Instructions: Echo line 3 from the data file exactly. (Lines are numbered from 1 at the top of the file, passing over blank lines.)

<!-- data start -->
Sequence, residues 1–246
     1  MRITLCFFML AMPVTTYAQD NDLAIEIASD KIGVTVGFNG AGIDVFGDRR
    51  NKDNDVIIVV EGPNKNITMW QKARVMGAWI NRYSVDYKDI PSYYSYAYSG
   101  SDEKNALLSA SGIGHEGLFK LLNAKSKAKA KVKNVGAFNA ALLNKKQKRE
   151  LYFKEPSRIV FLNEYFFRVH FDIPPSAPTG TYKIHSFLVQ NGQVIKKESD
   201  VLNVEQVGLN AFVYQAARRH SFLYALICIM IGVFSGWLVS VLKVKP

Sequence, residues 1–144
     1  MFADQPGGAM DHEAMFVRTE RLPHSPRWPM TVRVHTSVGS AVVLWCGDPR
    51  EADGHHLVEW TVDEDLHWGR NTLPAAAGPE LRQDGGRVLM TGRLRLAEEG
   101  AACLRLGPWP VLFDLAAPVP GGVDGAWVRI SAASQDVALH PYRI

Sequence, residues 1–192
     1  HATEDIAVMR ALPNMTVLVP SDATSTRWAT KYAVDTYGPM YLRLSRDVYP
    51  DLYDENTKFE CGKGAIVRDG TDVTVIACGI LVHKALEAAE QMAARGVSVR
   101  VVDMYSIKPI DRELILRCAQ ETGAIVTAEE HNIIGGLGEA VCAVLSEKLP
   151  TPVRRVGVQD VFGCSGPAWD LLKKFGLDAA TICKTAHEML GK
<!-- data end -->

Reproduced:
    51  NKDNDVIIVV EGPNKNITMW QKARVMGAWI NRYSVDYKDI PSYYSYAYSG